Toys & RPG’s

If go back the earliest days of D&D toys played a big part. Legend has it that the bulette, owlbear, and rust monster were all inspired by some cheap plastic toys. Heck, this blog started off about being cheapskate gamer and I’ve posted about various toys for gaming before. But I started thinking a little bit more about it and few more thoughts bounced in my head.

Use those crazy toys for inspiration. Let them be spark of adventures, encounters, and monsters. The weirder better. There’s a good chance some of these guys will end up in my Mutant Crawl Classics Game.

Say hello to the Poop Elemental. It just wants a hug.

Size don’t matter. Or should I say scale. I’ve gotten my grubby fingers on some cool 1/72 mini’s. Sure they are smaller than you normal D&D mini’s but if they are cool then use them. Judge them by their size. Dare you just before the level drain!

It’s OK to use mini’s. And in true OSR fashion is the rules are just guidelines then the grids are just guidelines too. Uh. No pun intended. OK maybe just a little bit of a pun there.

That is if you even bother to use grids.

Now I ain’t saying that there aren’t cool mini’s out there. I use both. Those nice prepainted ones, Reaper Bones, and whatever sparks my imagination of just looks cool. If a toy looks like it might make an interesting monster then go for it.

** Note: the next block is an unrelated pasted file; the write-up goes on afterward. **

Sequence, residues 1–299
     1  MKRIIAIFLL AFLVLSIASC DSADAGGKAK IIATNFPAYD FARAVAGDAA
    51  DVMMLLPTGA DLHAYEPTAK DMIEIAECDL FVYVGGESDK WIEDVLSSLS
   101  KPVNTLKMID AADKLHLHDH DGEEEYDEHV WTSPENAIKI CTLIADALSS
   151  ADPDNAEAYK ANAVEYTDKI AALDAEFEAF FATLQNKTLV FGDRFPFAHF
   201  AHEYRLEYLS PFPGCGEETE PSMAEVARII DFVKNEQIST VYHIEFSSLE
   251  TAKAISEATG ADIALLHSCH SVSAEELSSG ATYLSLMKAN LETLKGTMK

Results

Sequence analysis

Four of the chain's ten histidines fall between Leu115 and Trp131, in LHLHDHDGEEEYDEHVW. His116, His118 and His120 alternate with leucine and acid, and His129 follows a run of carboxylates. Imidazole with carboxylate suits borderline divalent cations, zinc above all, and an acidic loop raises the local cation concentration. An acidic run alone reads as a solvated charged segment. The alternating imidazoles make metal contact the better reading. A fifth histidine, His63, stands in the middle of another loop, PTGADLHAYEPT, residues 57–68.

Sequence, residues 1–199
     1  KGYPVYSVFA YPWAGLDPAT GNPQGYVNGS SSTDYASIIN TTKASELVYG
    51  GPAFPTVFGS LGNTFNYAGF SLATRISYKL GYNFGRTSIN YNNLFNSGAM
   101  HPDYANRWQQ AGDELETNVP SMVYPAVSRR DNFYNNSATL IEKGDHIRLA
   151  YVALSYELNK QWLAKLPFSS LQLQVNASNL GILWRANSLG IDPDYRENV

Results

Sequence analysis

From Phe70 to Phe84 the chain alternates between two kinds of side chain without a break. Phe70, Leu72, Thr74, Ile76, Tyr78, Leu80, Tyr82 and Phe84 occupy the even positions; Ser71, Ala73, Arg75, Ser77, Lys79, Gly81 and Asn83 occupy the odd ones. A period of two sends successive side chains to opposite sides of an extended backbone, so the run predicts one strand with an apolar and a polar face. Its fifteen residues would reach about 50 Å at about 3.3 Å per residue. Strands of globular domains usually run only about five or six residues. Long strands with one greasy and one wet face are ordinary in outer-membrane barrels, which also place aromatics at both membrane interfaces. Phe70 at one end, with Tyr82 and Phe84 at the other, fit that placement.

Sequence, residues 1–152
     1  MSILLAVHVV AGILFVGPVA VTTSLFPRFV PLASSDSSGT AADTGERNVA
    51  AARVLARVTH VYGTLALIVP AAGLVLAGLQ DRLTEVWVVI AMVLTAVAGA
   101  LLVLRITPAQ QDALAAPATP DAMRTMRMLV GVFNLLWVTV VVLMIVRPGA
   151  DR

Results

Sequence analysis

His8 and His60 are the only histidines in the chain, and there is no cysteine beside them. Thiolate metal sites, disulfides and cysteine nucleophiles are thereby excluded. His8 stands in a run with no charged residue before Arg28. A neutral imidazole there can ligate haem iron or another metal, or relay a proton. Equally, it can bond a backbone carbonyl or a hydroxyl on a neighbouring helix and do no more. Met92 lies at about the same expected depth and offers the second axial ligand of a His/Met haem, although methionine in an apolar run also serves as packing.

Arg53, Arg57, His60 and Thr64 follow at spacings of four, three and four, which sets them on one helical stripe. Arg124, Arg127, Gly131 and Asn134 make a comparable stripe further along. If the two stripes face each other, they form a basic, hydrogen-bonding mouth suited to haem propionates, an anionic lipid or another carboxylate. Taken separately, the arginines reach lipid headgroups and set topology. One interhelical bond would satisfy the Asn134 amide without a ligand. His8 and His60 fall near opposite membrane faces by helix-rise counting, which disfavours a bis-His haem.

And you may call it nostalgia. And well it is. Breaking out these little toys brings a laugh to everyone at the table (mine anyway). It brings out the feeling of being a care free kid again. And we need more moments like that now more than ever. Take the time to giggle, laugh, and play with some toys.

One thought on “Toys & RPG’s”

  1. Nice! I use lots of old toys and figures for props in my gaming. And there’s nothing wrong with adjusting your scale to be based on a larger figure size. Heroclix/ MageKnight stuff, with it’s 1.5 inch square works great with stuff closer to army man size than 28mm, and you can always decide what an “average” sized figure is and make all “inches of movement” based on that range, so rather than moving 1 inch per whatever, you are actually moving one figure-length per whatever. It’s great for gridless movement too, just lay the figure (or a figure of the appropriate “average” size) on its side and use it as a guide for how far you can move for one space.

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